Rosacea Review - Newsletter of the National Rosacea SocietyRosacea Review - Newsletter of the National Rosacea Society

Published by the National Rosacea Society.
Editor: Dr. Lynn Drake, Department of Dermatology, Harvard Medical School.
Managing Editor: Andrew Huff.

Rosacea Review is a newsletter published by the National Rosacea Society for people with rosacea. The newsletter covers information pertaining to the disease and its control, including news on research, results of patient surveys, success stories, lifestyle and environmental factors, and tips on managing its signs and symptoms. To receive Rosacea Review by mail, please join the NRS. You can also sign up to receive the newsletter by email.

Fall 2001

Q&A: Acne as Predictor & Spreading

Q. If you have acne as a teenager, are you more likely to get rosacea as an adult?

A. While both conditions may cause pimples, no relationship has been established between teenage acne and rosacea. In fact, many rosacea patients have reported that they had always enjoyed exceptionally clear complexions prior to developing this disorder.

Tips for Identifying Rosacea Triggers

Discovering and avoiding your own individual rosacea tripwires can be a challenge. While the list of lifestyle and environmental factors that may aggravate rosacea is long -- ranging from sun and wind to spicy foods, heavy exercise and hot baths -- not everyone is affected by them all. Here's how to pinpoint and avoid those potential rosacea triggers that may affect your individual case.

Medical Scientists Report Advances During Rosacea Research Workshop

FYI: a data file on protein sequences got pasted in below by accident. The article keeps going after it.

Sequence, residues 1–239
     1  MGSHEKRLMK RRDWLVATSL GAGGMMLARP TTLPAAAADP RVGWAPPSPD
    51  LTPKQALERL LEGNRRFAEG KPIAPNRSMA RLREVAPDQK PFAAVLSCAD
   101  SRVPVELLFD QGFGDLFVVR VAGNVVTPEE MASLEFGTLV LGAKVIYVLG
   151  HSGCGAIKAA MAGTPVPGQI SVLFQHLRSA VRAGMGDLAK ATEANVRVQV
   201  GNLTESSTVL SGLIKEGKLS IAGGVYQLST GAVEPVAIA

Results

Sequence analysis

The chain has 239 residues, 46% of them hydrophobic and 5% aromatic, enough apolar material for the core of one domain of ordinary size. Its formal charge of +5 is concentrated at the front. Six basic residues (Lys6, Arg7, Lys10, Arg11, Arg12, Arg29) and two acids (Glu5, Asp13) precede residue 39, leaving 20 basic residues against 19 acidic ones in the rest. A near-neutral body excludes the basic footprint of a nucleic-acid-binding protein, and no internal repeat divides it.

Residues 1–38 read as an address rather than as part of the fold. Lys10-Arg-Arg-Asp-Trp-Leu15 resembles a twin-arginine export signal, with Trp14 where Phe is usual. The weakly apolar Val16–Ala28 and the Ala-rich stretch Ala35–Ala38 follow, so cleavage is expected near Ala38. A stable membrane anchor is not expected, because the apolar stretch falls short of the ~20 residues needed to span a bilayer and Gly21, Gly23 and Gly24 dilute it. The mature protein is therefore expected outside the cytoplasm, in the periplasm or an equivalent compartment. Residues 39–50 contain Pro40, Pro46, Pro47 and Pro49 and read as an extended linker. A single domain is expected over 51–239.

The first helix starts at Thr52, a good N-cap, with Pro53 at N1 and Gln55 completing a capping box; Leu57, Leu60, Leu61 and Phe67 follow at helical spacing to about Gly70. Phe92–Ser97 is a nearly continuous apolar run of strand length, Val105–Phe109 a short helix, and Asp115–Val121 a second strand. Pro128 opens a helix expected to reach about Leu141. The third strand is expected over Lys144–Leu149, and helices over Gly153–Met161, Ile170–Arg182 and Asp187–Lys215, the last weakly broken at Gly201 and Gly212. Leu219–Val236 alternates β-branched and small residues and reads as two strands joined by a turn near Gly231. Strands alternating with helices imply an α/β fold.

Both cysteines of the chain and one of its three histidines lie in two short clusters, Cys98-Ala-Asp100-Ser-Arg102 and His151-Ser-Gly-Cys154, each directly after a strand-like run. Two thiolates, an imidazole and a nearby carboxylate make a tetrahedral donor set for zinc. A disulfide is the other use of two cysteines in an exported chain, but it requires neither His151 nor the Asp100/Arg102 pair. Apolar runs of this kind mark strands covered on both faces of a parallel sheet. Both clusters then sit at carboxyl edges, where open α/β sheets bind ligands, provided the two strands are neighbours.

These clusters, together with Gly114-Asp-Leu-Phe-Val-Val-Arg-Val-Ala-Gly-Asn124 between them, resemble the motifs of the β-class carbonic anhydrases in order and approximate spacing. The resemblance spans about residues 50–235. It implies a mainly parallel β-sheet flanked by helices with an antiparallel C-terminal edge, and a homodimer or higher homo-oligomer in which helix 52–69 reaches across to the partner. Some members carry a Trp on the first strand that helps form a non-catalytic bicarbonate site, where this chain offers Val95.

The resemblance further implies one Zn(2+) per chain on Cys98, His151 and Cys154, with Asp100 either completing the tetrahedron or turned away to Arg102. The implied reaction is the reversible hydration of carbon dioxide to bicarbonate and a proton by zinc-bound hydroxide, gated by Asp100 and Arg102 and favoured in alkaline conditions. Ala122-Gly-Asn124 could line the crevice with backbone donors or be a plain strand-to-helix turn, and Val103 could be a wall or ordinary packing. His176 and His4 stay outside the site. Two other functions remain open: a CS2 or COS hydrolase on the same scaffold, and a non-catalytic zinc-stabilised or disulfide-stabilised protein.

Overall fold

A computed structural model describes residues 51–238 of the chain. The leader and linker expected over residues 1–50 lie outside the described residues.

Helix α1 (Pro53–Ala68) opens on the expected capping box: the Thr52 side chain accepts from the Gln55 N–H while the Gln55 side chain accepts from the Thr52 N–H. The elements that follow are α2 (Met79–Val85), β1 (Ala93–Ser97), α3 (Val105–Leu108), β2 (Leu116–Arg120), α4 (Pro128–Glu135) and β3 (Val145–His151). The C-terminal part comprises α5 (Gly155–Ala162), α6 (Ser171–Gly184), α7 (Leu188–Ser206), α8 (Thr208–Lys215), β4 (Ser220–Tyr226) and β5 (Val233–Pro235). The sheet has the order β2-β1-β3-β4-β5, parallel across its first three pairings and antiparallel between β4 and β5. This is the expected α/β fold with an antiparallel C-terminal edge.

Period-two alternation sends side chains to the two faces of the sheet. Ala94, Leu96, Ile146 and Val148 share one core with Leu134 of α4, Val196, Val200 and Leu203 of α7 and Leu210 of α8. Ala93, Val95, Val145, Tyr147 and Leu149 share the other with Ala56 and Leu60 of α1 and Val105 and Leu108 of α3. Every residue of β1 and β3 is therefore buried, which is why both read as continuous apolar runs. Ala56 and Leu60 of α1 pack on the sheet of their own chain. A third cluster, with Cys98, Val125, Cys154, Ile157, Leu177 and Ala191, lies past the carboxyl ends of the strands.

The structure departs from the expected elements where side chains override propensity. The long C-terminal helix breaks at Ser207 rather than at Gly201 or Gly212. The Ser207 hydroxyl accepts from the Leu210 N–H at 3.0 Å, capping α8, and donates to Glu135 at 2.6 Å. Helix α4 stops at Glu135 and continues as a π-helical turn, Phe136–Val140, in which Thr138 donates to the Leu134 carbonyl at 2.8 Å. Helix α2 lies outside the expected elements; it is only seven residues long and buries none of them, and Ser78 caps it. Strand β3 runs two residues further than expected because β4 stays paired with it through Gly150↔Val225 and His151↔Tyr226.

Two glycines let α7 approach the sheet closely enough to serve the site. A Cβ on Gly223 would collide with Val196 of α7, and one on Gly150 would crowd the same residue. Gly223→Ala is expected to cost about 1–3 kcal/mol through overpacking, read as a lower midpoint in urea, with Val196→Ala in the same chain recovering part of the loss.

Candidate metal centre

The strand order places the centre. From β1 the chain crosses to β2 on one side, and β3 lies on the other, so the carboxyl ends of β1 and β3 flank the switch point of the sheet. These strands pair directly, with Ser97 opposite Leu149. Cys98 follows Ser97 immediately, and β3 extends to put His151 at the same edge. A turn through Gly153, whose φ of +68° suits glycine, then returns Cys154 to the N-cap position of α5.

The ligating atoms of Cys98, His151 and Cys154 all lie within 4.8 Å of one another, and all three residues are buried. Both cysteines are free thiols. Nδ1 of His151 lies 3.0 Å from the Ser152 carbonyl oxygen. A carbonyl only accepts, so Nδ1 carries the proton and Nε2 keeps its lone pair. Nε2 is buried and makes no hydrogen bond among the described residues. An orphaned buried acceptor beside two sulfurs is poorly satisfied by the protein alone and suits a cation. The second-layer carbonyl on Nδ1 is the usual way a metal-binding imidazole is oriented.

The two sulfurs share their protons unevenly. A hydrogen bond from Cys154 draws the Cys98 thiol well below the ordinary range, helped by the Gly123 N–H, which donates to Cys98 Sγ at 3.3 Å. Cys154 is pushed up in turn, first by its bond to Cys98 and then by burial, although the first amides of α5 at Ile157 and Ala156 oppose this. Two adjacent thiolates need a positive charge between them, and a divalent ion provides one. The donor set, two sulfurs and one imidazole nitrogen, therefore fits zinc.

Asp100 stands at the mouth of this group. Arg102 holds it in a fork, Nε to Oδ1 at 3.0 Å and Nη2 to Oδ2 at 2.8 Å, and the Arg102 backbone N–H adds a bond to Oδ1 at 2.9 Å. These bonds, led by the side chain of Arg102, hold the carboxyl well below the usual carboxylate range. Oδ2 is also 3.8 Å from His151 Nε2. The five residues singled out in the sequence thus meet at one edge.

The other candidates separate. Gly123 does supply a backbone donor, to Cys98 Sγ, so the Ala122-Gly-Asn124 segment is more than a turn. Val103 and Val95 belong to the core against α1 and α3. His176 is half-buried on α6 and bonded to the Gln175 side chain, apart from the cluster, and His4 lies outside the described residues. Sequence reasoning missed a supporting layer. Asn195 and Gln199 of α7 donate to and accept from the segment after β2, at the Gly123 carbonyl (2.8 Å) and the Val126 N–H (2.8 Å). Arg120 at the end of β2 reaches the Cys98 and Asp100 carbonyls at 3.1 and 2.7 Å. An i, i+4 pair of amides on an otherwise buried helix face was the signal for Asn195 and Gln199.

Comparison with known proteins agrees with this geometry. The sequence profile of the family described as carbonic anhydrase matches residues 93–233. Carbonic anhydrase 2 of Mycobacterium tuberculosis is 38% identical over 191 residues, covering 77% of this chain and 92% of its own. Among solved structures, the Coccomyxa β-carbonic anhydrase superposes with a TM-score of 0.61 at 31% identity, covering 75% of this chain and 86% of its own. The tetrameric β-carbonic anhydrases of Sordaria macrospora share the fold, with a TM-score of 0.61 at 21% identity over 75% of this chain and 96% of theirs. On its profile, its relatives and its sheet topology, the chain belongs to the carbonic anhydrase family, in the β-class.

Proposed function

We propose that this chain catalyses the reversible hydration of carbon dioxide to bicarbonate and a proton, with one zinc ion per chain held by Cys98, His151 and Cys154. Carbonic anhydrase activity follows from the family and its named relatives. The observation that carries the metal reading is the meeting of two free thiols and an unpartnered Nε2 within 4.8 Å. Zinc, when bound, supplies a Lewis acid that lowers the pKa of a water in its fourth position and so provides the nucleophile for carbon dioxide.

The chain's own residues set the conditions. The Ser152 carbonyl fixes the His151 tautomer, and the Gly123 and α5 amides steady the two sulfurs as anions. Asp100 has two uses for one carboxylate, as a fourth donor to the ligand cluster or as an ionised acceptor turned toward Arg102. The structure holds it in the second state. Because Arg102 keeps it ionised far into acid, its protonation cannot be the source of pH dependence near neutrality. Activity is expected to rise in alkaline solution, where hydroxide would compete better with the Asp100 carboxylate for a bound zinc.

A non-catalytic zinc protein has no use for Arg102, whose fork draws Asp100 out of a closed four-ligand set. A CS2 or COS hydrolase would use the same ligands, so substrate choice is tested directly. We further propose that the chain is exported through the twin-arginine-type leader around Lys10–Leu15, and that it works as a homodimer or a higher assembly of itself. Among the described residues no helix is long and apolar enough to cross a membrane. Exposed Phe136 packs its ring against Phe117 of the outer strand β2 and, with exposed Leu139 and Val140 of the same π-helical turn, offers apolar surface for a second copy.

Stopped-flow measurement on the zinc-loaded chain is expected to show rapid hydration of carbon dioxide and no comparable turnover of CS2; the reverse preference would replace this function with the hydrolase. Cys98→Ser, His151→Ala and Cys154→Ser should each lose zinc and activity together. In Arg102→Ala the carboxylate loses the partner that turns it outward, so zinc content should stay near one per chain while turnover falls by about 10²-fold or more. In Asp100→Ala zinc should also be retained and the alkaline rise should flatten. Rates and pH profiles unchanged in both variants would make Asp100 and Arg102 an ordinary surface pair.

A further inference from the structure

Medical scientists reported significant progress in exploring the potential causes and other key aspects of rosacea during a recent research workshop organized by the National Rosacea Society.

The session was attended by more than 70 researchers, and was held for the second year during the annual meeting of the Society for Investigative Dermatology to review ongoing studies funded by grants from the National Rosacea Society and to foster increased scientific interest in rosacea research.

He Thought It Was Just Dust in His Eyes

Mark (not his real name) couldn't see the whole picture. In fact, he was having trouble seeing at all. His eyes were red and irritated. But he never suspected that this irritation was related in any way to the mysterious redness on his face.

"I woke up one morning and my eyes were sore," Mark said. "It felt like I had something in them that I couldn't get out." Despite the irritation he went to work anyway.

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